Hear me out: Bring back camping out for concert tickets


If Taylor Swift can’t get tickets into the hands of fans, maybe it’s time to return to overnight slumber parties on the street.

The concrete was cold, the toilets were hard to come by, the snacks and drinks were BYO, and the screech of tyres, the honking of horns and the outbursts of strangers would last all night, meaning anyone trying to get some shut-eye was shit out of luck. 

But the camaraderie was instant. Back when fans used to queue up, IRL,  for concert tickets, they would sit in the cold, stare up at the stars, pass around mugs of lukewarm tea and hot chocolate poured from a thermos, then share yarns about all the other times they’d sat in this exact same spot, for the exact same reason: to get tickets to some of the world’s biggest shows.

In Auckland this would most likely be at Real Groovy’s old Queen Street site, with orderly queues of music fans winding out the door, down the street and around the back. They’d arrive early, a folding chair under one arm, a well-used sleeping bag under the other, to claim their spot then sit there, shivering, waiting for 9am to roll around the following day.

Those fans formed bonds, built friendships and made memories that have lasted a lifetime. Do you know what else they got? Tickets. People who were game enough to camp out for the chance to see their favourite artists live almost always got tickets to those shows. Those shows would have been extra special, because they went the extra mile to get there.

Even as ticketing sites moved their operations online, Real Groovy and the Aotea Square Ticketek office still sold tickets in this way as recently as 2016. (Real Groovy’s Chris Hart says they only stopped doing it because the $0.87 they received per ticket sold was “a joke”.)

These days, true fans aren’t guaranteed tickets to anything. For proof, you only need to look at what happened in the US when tickets went on sale for Taylor Swift’s 2023 Eras tour last week. Fans overloaded Ticketmaster in record numbers, swamping the service and causing panic-inducing meltdowns among fans, and parents of fans, despite many of them taking time to become “verified” and supposedly enjoy priority booking.

Instead of camping out under the stars, they sat in digital queues alongside bots and scalpers for hours, patiently refreshing their browsers when the system crashed, then rejoining those online waiting rooms, only to be told they’re last in line.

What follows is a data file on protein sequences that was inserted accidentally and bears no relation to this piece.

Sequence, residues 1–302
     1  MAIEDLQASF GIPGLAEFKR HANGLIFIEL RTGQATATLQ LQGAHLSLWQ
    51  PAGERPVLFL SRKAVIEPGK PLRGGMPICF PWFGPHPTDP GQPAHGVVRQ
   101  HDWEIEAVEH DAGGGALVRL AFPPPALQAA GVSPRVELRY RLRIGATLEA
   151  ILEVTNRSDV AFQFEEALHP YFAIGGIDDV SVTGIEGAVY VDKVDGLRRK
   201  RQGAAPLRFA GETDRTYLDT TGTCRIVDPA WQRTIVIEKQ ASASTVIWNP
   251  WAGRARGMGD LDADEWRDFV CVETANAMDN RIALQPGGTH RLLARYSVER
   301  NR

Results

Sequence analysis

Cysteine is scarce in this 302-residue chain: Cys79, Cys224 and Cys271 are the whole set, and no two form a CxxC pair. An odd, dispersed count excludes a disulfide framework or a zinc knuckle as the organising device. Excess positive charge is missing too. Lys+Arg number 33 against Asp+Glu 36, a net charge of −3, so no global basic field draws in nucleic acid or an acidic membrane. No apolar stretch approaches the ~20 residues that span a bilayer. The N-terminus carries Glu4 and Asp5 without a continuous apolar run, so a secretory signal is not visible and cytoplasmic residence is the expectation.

It’s hell. I’ve sat in those waiting rooms too. Ticketmaster’s ticket buying system has become a weird, disjointed and stressful experience. To secure passes to Billie Eilish’s recent Auckland shows, my daughter watched nervously over my shoulder as I clicked through multiple browsers, only to receive the exact same screen. 

No, Ticketmaster. Just no.

It’s transactional, impersonal, and frustrating. Clearly, if Taylor Swift can’t fix this, we’re in big trouble. We need a new system, a bold plan to get concert tickets back into the hands of real fans. My answer? Bring back the overnight slumber parties. 

Why not? It would, as Marie Kondo likes to say, spark joy. Look at how happy these AC/DC fans are. Camping out for AC/DC tickets on Queen Street in 2009, they found their old school uniforms, dressed up as Angus Young and co and pretended to rock out like they were 14 again. News agency Getty showed up to honour this moment for eternity.

AC/DC fans
AC/DC fans dressed up for the occasion when they queued for tickets in 2009. (Photo: Getty Images)

When do they get to dress up now? When does anyone? Halloween? It’s not the same. Camping out and bonding with like-minded fans sure beats staring at a screen for six hours, chewing your face off as you try and permeate clogged ticketing systems. I hate Black Friday, but I braved the masses and purchased one thing in preparation for this moment: a new sleeping bag.

Your move, Ticketmaster.


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